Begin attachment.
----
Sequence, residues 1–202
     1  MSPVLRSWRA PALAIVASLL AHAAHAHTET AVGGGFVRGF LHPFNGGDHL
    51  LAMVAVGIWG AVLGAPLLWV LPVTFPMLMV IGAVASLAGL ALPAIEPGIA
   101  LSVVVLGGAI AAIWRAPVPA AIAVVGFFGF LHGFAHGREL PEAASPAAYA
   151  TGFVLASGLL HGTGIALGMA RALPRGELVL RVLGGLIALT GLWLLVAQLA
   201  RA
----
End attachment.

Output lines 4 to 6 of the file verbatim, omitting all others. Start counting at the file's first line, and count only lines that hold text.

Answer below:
   101  LSVVVLGGAI AAIWRAPVPA AIAVVGFFGF LHGFAHGREL PEAASPAAYA
   151  TGFVLASGLL HGTGIALGMA RALPRGELVL RVLGGLIALT GLWLLVAQLA
   201  RA